One Man, Two Guvnors pulls out all the stops to give the audience a good time. Directed by Lee Rush, this is a polished production featuring a brilliant lead performance by Keith Eugene Brayne. Brayne displays an appealing manic energy as the lovable British buffoon Francis Henshall, who tumbles and fumbles about as he serves two ‘guvnors’ – Roscoe Crabbe and Stanley Stubbers.
Brayne proved to be a master at physical comedy and enjoyed a bit of interaction with an audience member who was brought on stage and subjected to some physical humiliations. There was a lot of “breaking the fourth wall” in this show, with Francis providing commentary about the story and soliciting feedback from the audience.
Danielle Conti had some terrific moments as the dimwitted Pauline, who is engaged to self-absorbed actor Alan (Hassan Demartino). Alyson Fowler was effectively stern as Roscoe Crabbe, who turns out to be (spoiler alert!) his sister Rachel in disguise. Tom Steenburg provided a lot of sinister charm as Stubbers, who romances Crabbe. I also enjoyed Erica Strickland as the no-nonsense Dolly, Francis’ object of affection. Special mention must be given to Michael Thurber as the daffy Alfie, an elderly hearing impaired waiter with a pacemaker. Thurber generated a lot of laughter in an extended sequence as Alfie struggles to use a corkscrew. It was a masterpiece of comic timing. The jokes can be a bit bawdy at times. For example, Francis finds a creative way to hang his hat.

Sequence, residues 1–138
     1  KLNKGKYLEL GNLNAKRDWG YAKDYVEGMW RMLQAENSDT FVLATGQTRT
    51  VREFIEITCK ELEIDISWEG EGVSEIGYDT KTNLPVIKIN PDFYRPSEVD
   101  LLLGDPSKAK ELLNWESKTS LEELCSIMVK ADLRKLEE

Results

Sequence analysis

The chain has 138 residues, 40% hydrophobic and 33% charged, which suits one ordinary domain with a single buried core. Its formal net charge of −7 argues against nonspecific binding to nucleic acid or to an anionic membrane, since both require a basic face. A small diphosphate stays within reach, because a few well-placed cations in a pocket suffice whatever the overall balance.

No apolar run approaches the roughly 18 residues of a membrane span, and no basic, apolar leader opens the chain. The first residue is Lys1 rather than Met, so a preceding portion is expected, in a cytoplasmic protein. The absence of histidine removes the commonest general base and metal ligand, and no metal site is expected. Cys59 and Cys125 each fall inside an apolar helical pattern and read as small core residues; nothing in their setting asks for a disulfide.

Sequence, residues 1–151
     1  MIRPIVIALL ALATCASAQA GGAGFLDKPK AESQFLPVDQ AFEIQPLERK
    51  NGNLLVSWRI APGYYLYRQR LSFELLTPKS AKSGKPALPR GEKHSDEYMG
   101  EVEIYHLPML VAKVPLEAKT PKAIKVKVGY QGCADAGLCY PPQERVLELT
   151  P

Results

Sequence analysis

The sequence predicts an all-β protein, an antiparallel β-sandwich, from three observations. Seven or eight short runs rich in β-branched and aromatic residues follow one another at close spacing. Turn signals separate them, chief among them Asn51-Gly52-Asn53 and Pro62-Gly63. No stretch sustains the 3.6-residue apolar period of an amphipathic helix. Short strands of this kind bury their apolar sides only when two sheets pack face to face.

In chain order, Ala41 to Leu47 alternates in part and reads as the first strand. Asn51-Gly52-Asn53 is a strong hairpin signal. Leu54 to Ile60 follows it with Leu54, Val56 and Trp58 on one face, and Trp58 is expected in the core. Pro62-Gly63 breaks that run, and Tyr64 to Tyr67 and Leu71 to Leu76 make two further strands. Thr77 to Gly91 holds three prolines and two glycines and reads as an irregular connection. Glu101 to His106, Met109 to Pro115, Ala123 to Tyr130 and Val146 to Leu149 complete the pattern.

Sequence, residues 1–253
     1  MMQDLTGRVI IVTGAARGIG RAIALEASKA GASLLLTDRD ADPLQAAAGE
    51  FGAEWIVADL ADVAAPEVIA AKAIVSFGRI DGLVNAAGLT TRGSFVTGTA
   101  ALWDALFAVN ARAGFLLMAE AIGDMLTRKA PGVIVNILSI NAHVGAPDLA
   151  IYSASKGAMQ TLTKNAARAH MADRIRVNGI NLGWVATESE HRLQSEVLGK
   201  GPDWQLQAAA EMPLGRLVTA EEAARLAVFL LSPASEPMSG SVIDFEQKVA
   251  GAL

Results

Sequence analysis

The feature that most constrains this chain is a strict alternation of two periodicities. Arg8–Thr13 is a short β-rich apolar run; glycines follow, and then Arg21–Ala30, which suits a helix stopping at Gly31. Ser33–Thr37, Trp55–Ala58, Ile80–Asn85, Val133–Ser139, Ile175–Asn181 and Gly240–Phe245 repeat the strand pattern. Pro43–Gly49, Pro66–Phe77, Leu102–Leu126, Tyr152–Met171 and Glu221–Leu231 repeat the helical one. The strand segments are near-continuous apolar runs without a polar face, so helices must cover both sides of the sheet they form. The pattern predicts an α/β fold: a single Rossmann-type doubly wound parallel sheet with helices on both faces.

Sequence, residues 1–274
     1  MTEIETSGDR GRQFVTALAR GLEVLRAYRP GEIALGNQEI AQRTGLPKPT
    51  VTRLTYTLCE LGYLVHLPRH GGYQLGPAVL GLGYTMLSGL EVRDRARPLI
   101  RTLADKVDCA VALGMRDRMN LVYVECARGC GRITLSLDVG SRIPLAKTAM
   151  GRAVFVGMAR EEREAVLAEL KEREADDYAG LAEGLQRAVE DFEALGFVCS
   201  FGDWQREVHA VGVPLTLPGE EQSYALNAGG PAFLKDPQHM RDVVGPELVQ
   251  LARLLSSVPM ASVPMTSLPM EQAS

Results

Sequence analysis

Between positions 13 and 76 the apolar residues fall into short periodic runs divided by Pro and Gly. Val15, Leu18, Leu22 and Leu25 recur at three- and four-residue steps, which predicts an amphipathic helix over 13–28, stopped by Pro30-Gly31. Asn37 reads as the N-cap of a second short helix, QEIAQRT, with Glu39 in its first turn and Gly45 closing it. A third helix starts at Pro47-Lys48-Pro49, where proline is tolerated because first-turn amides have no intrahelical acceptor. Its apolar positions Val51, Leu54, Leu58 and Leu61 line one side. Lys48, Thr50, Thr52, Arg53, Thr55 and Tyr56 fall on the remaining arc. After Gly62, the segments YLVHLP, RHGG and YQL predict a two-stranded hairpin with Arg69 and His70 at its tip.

All of this was very entertaining, yet One Man, Two Guvnors runs a bit long at two and a half hours. The show threatens to wear out its welcome after a while. Still, this is worth seeing for the inspired madness expertly performed by a talented ensemble.
One Man, Two Guvnors runs through September 3. Granite Theatre, Westerly. granitetheatre.com